Idiot's Guide to Camel Beauty, part 2

MADINAT ZAYED, UNITED ARAB EMIRATES - December 16, 2012 - In the camel festivals as well as races a brown camel always has their neck and head rubbed with a saffron liquid designating their first place status as this one has at the Al Dhafra Festival at Madinat Zayed, Al Gharbia, Abu Dhabi, December 16, 2012. (Photo by Jeff Topping/The National) CAMEL BLING BLOG
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If you don't have a camel, don't worry. You can still participate at the Al Dhafra's Camel beauty pageant. Now that you know the basic principles of camel beauty, here's what to expect when you get to Al Dhafra and how to make the most of your visit:

How to get there?

From Abu Dhabi or Dubai, follow the E11 west towards the Ghweifat - Saudi Arabia border. Turn south to Madinat Zayed on the E45 about 100km west of Abu Dhabi. A few minutes south of the town, there is a turn-off on the right for the Tilal Liwa Hotel, 4.8 km from the city limit sign. The drive takes about two hours.

Around the dunes:

The festival takes place along an eight kilometre stretch of tarmac that winds through the desert to the Tilal Liwa hotel. It begins with a makeshift roadside market with cafeterias and camping equipment. Stop and explore, and don’t forget to haggle.

The handcraft market is on the right before a fork in the road, beside the Ministry of Interior Village. You can buy small handwoven blankets, clay bowls and camel tack made by Omani women who travel the camel race circuit.

At the fork, take a right and then take the left exit at the small roundabout to reach the judging pens near the end of the tarmac road.

Park outside the shaded grandstands, go in and take a seat. Tourists can sit in the VIP section and tour the pens. There are porta-cabin washrooms outside the VIP section.

Millions Street, adjacent to the grandstands, is where camels parade up and down, usually followed by men dancing and honking their 4x4s to impress competitors and attract potential buyers. This is a good place to get photographs and talk to people about their camels.

When to go?

The festival started on Dec 14 with individual competitions classed by year group, culminating in the best herd competitions near the festival’s end on Dec 28.

Competitors parade their camels down Millions Street on the way to the judging pen shortly after sunrise. Competitions run until sunset. It’s not unusual for spectators to sing and dance in the stands, especially before the winner is announced.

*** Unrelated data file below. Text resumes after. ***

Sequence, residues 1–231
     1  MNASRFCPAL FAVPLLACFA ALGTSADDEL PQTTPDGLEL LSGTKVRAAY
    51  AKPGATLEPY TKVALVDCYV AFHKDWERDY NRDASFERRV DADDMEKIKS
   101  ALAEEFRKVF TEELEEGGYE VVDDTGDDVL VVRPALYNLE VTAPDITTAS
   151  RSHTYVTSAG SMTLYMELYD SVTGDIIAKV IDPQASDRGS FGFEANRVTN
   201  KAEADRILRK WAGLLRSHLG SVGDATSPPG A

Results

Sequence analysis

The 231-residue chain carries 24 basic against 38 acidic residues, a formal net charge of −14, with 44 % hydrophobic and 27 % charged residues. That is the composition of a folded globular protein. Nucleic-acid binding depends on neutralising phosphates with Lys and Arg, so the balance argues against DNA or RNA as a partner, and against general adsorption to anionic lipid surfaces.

What is going on in the judging pens?

Camels are divided according to breed. They are light asayel racing camels or dark majahim camels known for beauty and milk production. Camels are then divided according to whether they were bought or bred by their current owner.

Judging takes place in a series of rounds. The best advance to pens closer to the grandstand. This process begins around 8am and takes hours. As judging progresses, spectators shout and sing to attract their camel’s attention.

The owners of top camels must swear on the Quran about the camel’s age and pedigree before a champion is declared. Its head and neck are then covered in a saffron paste and it is paraded down Millions Street with much fanfare.

In the grandstands...

Men serve small complimentary cups of tea and qawah, or Arabic coffee. Accept all food and drink with the right hand. Drink the coffee quickly and shake it to show you are finished. Pack snacks and drinks to eat in the stands because there is not much on offer. Most people wait until after the competition to share a big lunch at their tent.

Do not be shy to ask spectators what is happening, who the favourites are and which camel they think is best. People love to share their stories.

Why are beauty camels usually with a calf?

Majahim beauty camels are bonded with a calf, usually from a fair asayal camel so that it will stand out in a crowd of black camels. During a competition, the calf is removed and the majahim keeps its head raised, looking for its young.

If the majahim does not naturally bond with the calf, its owner will pretend to put the calf in danger so that the cow instinctually protects it. After this, the majahim considers it her own.

What are all these tents? Where do I put mine?

Camels don't travel alone. They come with an entourage of fans who camp for weeks in elaborate tents strung with lights and flags.

These tents are private but if you happen to drive into a camp, do not worry. People are always welcoming and happy to help and guide visitors. Camps have coffee and tea brewing at all times in case unexpected guests arrive.

You can pitch your tent anywhere. Alternatively, there is the Tilal Liwa Hotel and other hotels in the Liwa Oasis, about 30 minutes south. Book ahead.

Is a 4x4 needed? 

Strictly speaking, no. Roads to the grandstands and hotel are paved. Millions Road is gatch and easily handled by a two-wheel drive.

What to wear?

Dress conservatively, wear good walking shoes and pack a hat, sunscreen and long sleeves to stay safe from the sun. Bring a warm jacket for evenings, it gets cold.

Where to eat?

If you didn’t have the foresight to pack a goat and a carving knife, don’t panic. The Tilal Liwa Hotel serves a Dh120 buffet lunch and has an à la carte menu. Madinat Zayed has grocery stores, Indian and Lebanese restaurants and even a Burger Hut and Pizza King. Nope, that’s not a typo.

If you really like your food fresh, you can buy goats and chickens at the roadside market. Firewood is available.

If you are invited to a family lunch, you might find yourself seated around a platter of rice with goat or chicken. Eat with your right hand and tuck in. Hospitality is a hallmark of the region and at Dhafra, you’ll soon see why.